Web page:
@innertalks It all becomes a matter of awareness, as this story shows: The Thief There was one great master, a Buddhist master, Nagarjuna. A thief came to him. The thief had fallen in love with the master because he had never seen such a beautiful person, such infinite grace. The thief asked Nagarjuna, “Is there some possibility of my growth also? But one thing I must make clear to you: I am a thief. And another thing: I cannot leave it, so please don’t make it a condition. I will do whatsoever you say, but I cannot stop being a thief. That I have tried many times–it never works, so I have left the whole sport. I have accepted my destiny, that I am going to be a thief and remain a thief, so don’t talk about it. From the very beginning let it be clear.” Nagarjuna said, “Why are you afraid? Who is going to talk about your being a thief?” The thief said, “But whenever I go to a monk, to a religious priest, or to a religious saint, they always say, ‘First stop stealing.'” Nagarjuna laughed and said, “Then you must have gone to thieves; otherwise, why? Why should they be concerned? I am not concerned!” The thief was very happy. He said, “Then it is okay. It seems that now I can become a disciple. You are the right master.” Nagarjuna accepted him and said, “Now you can go and do whatsoever you like. Only one condition has to be followed: be aware! Go, break into houses, enter, take things, steal; do whatsoever you like, that is of no concern to me, I am not a thief–but do it with full awareness.” The thief couldn’t understand that he was falling into the trap. He said, “Then everything is okay. I will try.” After three weeks he came back and said, “You are tricky–because if I become aware, I cannot steal. If I steal, awareness disappears. I am in a fix.” Nagarjuna said, “No more talk about your being a thief and stealing. I am not concerned; I am not a thief. Now, you decide! If you want awareness, then you decide. If you don’t want it, then too you decide.” The man said, “But now it is difficult. I have tasted it a little, and it is so beautiful–I will leave anything, whatsoever you say. Just the other night for the first time I was able to enter the palace of the king. I opened the treasure. I could have become the richest man in the world–but you were following me and I had to be aware. When I became aware, diamonds looked just like stones, ordinary stones. When I lost awareness, the treasure was there. And I waited and did this many times. I would become aware and I became like a buddha, and I could not even touch it because the whole thing looked foolish, stupid–just stones, what am I doing? Losing myself over stones? But then I would lose awareness; they would become again beautiful, the whole illusion. But finally, I decided that they were not worth it.” From Awareness: The Key to Living in Balance by Osho.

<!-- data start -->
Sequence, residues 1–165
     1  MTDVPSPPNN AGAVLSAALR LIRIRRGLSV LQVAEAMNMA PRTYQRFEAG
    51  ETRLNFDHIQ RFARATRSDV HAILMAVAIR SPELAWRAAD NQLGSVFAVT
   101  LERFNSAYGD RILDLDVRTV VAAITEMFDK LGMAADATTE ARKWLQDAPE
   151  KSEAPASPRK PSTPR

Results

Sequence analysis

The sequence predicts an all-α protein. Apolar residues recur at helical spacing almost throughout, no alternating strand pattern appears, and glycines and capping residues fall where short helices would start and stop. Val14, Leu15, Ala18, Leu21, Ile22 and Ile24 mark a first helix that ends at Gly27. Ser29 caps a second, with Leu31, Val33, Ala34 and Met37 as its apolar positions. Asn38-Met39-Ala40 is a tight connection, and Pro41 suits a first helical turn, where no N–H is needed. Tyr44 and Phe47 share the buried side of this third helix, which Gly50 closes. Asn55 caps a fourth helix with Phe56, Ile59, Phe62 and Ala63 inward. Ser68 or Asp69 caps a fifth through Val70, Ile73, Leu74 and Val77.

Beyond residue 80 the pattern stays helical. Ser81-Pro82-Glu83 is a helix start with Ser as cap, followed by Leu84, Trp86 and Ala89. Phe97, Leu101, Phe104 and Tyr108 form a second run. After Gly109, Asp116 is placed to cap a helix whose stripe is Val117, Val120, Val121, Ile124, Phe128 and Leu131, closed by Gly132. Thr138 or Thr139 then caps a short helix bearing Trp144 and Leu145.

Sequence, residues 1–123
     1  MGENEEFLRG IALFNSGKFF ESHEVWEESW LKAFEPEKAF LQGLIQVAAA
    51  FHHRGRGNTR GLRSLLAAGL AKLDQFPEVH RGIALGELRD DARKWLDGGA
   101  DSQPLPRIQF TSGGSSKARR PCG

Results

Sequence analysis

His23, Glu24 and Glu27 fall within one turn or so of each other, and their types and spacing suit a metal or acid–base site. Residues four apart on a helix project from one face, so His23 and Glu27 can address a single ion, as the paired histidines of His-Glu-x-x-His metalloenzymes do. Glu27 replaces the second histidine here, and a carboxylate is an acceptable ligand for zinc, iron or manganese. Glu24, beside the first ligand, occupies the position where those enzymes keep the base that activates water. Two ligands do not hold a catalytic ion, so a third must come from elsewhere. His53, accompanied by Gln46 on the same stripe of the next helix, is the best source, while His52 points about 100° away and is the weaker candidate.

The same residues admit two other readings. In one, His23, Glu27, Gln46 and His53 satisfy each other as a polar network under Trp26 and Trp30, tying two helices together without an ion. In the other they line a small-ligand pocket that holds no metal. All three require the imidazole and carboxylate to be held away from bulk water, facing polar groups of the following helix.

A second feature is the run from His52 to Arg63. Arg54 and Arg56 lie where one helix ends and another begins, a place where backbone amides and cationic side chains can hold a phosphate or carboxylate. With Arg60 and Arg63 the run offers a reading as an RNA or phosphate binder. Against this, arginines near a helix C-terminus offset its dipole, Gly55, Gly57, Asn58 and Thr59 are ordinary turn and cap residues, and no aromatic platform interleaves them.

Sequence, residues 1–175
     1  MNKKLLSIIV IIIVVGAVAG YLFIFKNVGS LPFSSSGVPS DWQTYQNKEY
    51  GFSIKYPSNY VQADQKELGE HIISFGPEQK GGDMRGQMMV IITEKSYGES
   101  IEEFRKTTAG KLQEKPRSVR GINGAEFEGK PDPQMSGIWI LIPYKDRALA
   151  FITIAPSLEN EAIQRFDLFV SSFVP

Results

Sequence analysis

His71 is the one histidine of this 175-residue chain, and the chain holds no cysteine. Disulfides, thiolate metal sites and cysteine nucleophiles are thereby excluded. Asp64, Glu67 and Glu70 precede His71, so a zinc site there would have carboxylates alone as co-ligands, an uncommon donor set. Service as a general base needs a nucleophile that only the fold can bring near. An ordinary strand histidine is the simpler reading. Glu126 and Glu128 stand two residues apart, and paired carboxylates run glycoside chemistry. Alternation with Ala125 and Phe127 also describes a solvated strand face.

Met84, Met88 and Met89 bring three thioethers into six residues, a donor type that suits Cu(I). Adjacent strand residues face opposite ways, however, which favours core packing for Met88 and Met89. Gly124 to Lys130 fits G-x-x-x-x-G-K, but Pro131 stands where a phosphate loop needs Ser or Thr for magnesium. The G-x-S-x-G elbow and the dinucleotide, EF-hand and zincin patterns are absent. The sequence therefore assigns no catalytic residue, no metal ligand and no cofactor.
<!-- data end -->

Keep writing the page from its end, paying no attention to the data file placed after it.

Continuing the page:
2 people like this
@jstory07 (57692)
• Roseburg, Oregon
28 Jun
A pure suffer suffers al ot and made it through.
3 people like this
• Australia
28 Jun
Yes, Gandhi did suffer a lot in his life I think. "Truth is everybody is going to hurt you: you just gotta find the ones worth suffering for." Bob Marley, the short-lived Jamaican singer, (1945 to 1981) said this. He is sort of saying then that we should be selective about who we "suffer" for. Perhaps, this might work for some people, practically speaking, but I figure God would want us to love all, with the same love, not selectively so, and I reckon, this should also apply to our suffering, that is, if we could reach this ideal height of unconditional loving, too, of which this "purer" suffering would seem to be a part of too.
@Shiva49 (8776)
• Singapore
29 Jun
There are many types of suffering - physical distress, mental and emotional. The Buddha said "the root of suffering is attachment". I think what Gandhi told reflects Asian philosophy. I get some pleasure in suffering as then I feel I know myself more, I test my resilience and character then and feel more confident that I am made of sterner stuff than I believed before. When we have a tough childhood, we have it easy later. It is like when we forgo breakfast we enjoy lunch more! That could be the underlying meaning in what Gandhi meant - suffering is part and parcel of life and it is up to us to learn and reassure ourselves that we are well on our way looking ahead with confidence. See video of yesterday - siva